Serialization. There’s no way to do it well without reflection, and Rust is lacking here. I just did everything by hand, which was incredibly annoying. I’m spoiled though, in D I wrote what I think is a really good serialization library. Good in the lazy sense, I pretty much never have to write custom serialization code.

The ugly

Hashmaps. The language has operator overloading, but HashMap doesn’t use it. So it’s a very Java-like map.insert(key, value). If you want to create a HashMap with a literal… you can’t. There’s no equivalent macro to vec. You could write your own, but come on, this is a basic type from the standard library that will get used a lot. Even C++ does better!

Networking / concurrent IO. So I took a look at what my options were, and as far as my googling took me, it was to use native threads or a library called mio. mio’s API was… not the easiest to use so I punted and did what is the Rust standard library way of writing a server and used threads instead. I was sure I’d have performance problems down the road but it was something to worry about later. I went on writing my code, TDDed an implementation of a broker that wasn’t connected to the outside world and everything. At one point I realised that holding on to a mutable reference for subscribers wasn’t going to work so I used Rc<RefCell<Subscriber>> instead. It compiled, my tests passed, and all was good in the world. Then I tried actually using the broker from my threaded server. Since it’s not safe to use Rc<RefCell<>> in threads, this failed to compile. “Good!”, I thought, I changed Rc to Arc and RefCell to Mutex. Compile, run, …. deadlock. Oops. I had to learn mio after all. It wasn’t as bad as boost::asio but it wasn’t too far away either.

Comparing objects for identity. I just wanted to compare pointers. It was not fun. I had to write this:

fn is_same<T>(lhs: &T, rhs: &T) -> bool {
    lhs as *const T == rhs as *const T;
fn is_same_subscriber<T: Subscriber>(lhs: Rc<RefCell<T>>, rhs: Rc<RefCell<T>>) -> bool {
    is_same(&*lhs.borrow, &*rhs.borrow());



I thought I’d like Rust more than I actually do at this point. I’m glad I’m taking the time to learn it, but I’m not sure how likely I’ll choose to use it for any future project. Currently the only real advantage it has for me over D is that it has no runtime and could more easily be used on bare metal projects. But I’m unlikely to do any of those anytime soon.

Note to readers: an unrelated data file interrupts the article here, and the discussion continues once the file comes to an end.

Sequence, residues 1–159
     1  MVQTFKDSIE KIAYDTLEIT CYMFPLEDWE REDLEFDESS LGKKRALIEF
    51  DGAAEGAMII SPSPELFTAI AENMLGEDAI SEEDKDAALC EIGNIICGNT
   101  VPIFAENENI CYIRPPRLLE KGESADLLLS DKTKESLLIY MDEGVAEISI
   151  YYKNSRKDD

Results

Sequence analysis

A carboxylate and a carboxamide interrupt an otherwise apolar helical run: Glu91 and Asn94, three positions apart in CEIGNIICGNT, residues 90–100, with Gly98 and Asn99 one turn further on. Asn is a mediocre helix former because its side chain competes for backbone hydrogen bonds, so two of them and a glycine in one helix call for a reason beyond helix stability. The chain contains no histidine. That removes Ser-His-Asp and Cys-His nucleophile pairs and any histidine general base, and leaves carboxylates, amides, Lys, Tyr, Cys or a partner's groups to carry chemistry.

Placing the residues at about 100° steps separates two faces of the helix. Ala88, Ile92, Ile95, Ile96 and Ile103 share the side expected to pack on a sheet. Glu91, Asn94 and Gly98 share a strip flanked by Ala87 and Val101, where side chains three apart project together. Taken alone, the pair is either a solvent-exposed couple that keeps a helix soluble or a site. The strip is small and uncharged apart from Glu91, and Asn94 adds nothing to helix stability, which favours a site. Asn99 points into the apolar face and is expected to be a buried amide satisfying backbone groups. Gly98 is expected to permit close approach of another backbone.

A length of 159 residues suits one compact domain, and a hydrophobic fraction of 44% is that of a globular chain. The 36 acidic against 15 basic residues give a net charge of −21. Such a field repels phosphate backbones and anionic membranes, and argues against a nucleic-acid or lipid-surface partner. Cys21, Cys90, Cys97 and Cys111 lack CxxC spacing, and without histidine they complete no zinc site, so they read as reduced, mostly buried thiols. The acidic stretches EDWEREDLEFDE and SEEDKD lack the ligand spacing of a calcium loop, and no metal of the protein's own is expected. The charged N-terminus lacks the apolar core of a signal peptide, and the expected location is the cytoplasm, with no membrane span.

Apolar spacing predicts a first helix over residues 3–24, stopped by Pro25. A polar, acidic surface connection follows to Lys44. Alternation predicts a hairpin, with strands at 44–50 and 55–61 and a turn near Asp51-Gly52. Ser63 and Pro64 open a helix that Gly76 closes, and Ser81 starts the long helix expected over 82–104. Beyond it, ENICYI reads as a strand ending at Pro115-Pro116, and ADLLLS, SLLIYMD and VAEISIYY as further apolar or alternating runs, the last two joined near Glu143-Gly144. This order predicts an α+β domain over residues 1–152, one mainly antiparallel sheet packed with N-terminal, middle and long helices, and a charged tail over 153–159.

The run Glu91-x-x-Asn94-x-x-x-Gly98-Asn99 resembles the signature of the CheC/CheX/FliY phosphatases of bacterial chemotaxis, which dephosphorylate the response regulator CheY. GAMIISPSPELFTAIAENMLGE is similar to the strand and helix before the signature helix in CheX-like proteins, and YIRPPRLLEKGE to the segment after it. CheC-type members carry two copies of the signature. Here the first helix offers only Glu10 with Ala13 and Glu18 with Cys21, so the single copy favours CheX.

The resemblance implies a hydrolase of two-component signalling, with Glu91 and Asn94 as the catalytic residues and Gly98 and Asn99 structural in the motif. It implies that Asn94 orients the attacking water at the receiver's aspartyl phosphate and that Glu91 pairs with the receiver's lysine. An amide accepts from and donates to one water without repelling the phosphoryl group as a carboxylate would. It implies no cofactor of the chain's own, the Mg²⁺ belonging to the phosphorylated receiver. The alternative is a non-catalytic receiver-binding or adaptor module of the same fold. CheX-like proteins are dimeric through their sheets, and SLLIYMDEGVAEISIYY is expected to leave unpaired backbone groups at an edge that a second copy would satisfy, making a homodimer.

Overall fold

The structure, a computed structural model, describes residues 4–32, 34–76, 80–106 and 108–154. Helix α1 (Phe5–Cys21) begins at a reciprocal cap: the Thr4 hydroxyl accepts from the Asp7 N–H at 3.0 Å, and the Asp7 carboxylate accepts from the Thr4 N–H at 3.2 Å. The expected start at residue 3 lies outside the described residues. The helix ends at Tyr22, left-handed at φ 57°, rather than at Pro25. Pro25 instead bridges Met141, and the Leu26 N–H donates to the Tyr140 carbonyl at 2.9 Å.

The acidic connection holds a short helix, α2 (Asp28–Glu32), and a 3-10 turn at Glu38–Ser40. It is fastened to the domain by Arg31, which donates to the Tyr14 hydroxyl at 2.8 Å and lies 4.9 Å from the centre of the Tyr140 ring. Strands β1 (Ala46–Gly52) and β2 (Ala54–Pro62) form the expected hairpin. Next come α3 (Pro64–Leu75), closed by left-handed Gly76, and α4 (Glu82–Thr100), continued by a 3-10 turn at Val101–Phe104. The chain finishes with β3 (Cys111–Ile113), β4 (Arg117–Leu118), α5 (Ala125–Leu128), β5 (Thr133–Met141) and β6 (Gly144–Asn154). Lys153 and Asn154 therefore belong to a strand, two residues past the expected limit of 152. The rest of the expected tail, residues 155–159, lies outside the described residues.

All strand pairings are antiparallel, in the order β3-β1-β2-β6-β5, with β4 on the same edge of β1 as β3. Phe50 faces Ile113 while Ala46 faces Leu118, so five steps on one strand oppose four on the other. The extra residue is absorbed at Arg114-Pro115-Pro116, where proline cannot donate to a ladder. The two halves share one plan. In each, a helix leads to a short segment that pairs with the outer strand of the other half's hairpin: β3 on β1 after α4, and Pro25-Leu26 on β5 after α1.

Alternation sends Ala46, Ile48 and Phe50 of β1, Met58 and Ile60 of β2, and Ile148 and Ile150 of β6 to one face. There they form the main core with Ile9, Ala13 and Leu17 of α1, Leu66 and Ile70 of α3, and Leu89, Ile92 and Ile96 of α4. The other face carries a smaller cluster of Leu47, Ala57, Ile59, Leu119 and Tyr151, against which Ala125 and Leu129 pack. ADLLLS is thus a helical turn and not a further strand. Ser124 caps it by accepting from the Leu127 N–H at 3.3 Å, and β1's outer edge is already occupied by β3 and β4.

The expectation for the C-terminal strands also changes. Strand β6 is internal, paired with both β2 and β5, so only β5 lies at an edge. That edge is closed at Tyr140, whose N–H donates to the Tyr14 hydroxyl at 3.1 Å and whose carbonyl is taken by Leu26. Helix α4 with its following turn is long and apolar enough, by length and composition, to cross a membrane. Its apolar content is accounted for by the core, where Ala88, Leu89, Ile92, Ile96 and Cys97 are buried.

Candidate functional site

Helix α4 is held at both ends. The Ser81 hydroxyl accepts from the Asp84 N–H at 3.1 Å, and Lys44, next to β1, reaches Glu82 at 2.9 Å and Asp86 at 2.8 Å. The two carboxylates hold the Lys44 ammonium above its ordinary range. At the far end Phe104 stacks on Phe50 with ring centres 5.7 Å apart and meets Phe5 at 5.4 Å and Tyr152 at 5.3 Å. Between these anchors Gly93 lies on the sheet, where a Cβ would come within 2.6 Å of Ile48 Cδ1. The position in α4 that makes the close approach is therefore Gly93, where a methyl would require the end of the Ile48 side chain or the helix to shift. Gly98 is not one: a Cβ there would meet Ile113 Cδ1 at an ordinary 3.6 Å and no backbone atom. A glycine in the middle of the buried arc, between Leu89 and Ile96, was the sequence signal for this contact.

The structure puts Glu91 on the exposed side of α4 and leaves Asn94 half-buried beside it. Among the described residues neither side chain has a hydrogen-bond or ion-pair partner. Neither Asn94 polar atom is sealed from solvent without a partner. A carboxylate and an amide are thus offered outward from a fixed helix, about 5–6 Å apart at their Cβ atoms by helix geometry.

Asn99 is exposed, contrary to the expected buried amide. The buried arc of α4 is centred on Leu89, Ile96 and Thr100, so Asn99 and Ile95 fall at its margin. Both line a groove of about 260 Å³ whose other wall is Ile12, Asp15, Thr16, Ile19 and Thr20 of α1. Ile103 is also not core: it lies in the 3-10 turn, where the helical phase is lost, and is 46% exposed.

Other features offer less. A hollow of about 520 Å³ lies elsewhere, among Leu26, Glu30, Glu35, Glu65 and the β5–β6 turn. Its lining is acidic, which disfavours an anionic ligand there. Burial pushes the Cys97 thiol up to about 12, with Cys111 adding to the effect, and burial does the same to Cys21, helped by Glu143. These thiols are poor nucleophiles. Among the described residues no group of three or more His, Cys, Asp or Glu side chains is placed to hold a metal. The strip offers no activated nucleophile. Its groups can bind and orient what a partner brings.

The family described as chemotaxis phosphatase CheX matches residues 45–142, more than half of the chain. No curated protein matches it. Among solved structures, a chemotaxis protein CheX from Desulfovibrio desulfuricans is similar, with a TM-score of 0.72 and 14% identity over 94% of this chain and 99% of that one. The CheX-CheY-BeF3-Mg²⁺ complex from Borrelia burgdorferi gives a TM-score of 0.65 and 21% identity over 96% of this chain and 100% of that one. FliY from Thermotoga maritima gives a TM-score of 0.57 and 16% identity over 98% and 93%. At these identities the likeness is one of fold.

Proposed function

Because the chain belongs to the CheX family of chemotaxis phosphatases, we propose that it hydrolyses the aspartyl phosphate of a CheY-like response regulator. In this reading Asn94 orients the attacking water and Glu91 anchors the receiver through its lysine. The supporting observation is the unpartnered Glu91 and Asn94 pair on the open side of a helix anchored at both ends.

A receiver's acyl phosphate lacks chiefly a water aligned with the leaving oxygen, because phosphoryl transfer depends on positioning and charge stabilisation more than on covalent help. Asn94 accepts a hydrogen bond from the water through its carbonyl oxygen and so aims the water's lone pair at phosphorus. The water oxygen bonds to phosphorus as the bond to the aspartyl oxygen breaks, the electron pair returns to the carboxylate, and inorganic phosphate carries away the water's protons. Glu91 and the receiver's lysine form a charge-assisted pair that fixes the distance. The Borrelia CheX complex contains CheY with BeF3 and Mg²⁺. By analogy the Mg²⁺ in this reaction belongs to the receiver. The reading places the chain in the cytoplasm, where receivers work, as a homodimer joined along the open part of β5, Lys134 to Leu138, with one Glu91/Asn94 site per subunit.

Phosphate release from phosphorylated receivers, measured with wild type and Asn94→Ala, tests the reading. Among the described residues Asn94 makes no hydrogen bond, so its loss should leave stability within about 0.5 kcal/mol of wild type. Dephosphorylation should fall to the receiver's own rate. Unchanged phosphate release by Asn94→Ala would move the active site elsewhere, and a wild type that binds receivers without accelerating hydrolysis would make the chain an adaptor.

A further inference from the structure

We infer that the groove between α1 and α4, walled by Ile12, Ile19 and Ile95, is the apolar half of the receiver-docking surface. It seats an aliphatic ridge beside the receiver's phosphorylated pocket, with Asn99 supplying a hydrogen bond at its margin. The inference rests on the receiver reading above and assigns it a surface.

I never thought I’d say this a few years back but…I like being able to fall back on a mark-and-sweep GC. I don’t have to use it in D either, so if it ever becomes a performance or latency problem I know how to deal with it. It seems to me to be far easier than getting the borrow checker to agree with me or having to change how I want to write my code.

We’ll see, I guess. Optimising the Rust implementation to be competitive with the D and Java ones is likely to be interesting.

November 06, 2015

Writing a vibe.d app

In this tutorial we’ll write a vibe.d web app that links bugzilla issues to github pull requests.

Let’s start by creating a vibe.d project,

dub init dlang-bot --type=vibe.d
git init dlang-bot

which generates a few files and folders.

dub.sdl      # the dub package file
source/app.d # a hello world vibe.d app
public       # folder for assets
views        # folder for frontend templates

Let’s edit app.d and use vibe.d’s URLRouter to add an endpoint for github webhooks, so that the app can receive notifications about new or updated pull requests.

auto router = new URLRouter;
    .get("/", (req, res) => res.redirect(""))
    .post("/github_hook", &githubHook)
listenHTTP(settings, router);
void githubHook(HTTPServerRequest req, HTTPServerResponse res)
    if (req.headers["X-Github-Event"] == "ping")
        return res.writeBody("pong");
    assert(req.headers["X-GitHub-Event"] == "pull_request");

    // vibe.d parses application/json post bodies by default
    auto action = req.json["action"].get!string;
    logDebug("#%s %s", req.json["number"], action);
    switch (action)
    case "opened", "closed", "synchronize":
        auto commitsURL = req.json["pull_request"]["commits_url"].get!string;
        auto commentsURL = req.json["pull_request"]["comments_url"].get!string;
        runTask(toDelegate(&handlePR), action, commitsURL, commentsURL);
        return res.writeBody("handled");
        return res.writeBody("ignored");

The hook can handle ping and pull_request events and will process interesting pull request actions asynchronously in a separate task.

void handlePR(string action, string commitsURL, string commentsURL)
    auto comment = getBotComment(commentsURL);
    auto refs = getIssueRefs(commitsURL);
    logDebug("%s", refs);
    if (refs.empty)
        if (comment.url.length) // delete any existing comment
    auto descs = getDescriptions(refs);
    logDebug("%s", descs);
    assert(!(r =>!(d =>;

    auto msg = formatComment(refs, descs);
    logDebug("%s", msg);

    if (msg != comment.body_)
        updateBotComment(commentsURL, comment.url, msg);

The processing is fairly straightforward. First we get a list of issues references from any of the PR’s commit messages, then ask Bugzilla for a short description of those issues, format the information, and finally create, update, or delete a comment on the PR.